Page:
As for Joel Daavid’s scenic design, it’s hard to imagine one that better respects Williams’ instructions that the play’s various locales (a public square, a rectory parlor, the Buchanans’ living room, a doctor’s office, a rented room) be “barely suggested” by windows and doorframes and a few essential properties. I especially liked the meshing gears suspended upstage and representing the “Musée Mechanique” that is one of the play’s leitmotifs. (Unfortunately, a series of projections essential to Daavid’s vision were non-functioning at the performance reviewed here, and had to be described by cast members at a fascinating post-performance talkback.)

The rest of the design team matches Daavid’s vision: Leah Piehl’s early 20th Century costumes, James P. Taylor’s atmospheric lighting design, Andrew Villaverde’s equally mood-enhancing sound design, Renee Thompson Cash’s period properties, and Rosey Johnson’s wig, hair, and makeup design.

Brian Zimmer is assistant director, Jane Marie DeRosa second assistant director, Christie Wright Gilmore stage manager, and Christine Breihan assistant stage manager. Gwenmarie White is sound board operator, Meghan Kennedy production manager, Adam Lillibridge technical director, Ronnie J. Clark master electrician, and Alexandra Dunn scenic artist.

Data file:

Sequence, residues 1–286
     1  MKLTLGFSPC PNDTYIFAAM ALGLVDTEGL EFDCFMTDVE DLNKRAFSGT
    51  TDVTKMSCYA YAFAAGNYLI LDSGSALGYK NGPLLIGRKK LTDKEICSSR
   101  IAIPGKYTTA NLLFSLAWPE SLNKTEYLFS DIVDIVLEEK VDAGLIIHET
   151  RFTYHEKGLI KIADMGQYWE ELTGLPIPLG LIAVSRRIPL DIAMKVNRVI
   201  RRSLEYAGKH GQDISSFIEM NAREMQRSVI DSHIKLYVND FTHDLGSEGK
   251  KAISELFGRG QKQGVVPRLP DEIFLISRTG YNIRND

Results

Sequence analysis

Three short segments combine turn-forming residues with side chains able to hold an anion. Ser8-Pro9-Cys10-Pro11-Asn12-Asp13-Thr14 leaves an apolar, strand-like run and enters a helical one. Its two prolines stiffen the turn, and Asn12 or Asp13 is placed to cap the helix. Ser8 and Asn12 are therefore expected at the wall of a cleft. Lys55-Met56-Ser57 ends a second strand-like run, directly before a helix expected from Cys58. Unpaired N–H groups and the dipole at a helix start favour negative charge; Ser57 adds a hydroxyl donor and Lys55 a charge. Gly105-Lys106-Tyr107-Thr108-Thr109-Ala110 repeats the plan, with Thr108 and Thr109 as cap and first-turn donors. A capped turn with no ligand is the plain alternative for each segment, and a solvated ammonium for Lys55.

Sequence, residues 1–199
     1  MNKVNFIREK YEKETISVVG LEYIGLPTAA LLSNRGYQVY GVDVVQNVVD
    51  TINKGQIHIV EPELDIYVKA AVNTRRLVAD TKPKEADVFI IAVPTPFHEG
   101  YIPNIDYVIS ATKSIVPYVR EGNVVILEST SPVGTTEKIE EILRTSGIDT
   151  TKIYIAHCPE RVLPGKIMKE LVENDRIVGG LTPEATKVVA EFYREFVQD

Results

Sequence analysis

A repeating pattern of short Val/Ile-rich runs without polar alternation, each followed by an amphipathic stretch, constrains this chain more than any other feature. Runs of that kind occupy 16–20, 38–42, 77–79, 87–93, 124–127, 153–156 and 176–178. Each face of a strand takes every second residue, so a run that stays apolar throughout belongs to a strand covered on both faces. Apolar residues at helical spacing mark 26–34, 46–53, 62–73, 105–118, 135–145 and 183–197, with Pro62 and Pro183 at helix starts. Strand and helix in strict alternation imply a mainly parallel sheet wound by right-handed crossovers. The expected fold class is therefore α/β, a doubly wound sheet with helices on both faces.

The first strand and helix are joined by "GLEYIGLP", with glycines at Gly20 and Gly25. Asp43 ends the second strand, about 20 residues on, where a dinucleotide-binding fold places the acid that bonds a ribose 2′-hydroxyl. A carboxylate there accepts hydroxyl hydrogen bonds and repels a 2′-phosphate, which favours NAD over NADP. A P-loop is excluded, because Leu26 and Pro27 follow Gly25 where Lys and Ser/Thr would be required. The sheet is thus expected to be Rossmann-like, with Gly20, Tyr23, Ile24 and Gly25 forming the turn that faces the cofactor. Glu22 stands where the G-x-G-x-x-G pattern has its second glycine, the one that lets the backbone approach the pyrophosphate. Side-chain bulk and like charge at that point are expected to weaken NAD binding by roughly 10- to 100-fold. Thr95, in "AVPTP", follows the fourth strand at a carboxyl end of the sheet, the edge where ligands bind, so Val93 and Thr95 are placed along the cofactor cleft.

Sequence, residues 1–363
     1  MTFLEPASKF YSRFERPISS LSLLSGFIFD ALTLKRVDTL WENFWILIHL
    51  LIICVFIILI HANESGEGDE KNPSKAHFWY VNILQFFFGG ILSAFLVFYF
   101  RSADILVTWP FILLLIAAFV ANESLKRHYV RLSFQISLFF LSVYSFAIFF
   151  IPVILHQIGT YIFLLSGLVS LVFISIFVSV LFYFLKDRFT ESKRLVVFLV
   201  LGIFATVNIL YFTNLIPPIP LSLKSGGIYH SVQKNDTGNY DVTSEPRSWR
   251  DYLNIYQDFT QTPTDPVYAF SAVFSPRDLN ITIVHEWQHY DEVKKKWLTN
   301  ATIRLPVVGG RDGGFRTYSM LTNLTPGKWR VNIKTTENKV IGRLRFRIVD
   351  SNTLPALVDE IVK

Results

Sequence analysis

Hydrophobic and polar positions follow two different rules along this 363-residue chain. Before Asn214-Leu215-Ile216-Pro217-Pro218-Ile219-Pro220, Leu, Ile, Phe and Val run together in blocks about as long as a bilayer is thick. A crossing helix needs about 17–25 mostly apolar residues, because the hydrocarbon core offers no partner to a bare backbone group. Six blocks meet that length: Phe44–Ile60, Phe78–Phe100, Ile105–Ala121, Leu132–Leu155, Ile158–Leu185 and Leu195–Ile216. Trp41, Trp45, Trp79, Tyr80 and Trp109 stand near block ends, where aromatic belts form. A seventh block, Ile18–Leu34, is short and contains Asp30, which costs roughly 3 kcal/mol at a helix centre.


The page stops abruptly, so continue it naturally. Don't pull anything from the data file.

Eccentricities Of A Nightingale is the fourth Tennessee Williams work to be staged by the illustrious A Noise Within (following The Glass Menagerie, Cat On A Hot Tin Roof, and The Night Of The Iguana). As the play that closes ANW’s final season in Glendale, it does so with a bang as bright as the fireworks that lights Alma Winemiller’s face on that 4th Of July evening nearly a century ago.

A Noise Within, 234 South Brand Blvd., Glendale.
–Steven Stanley
April 17, 2011
Photos: Craig Schwartz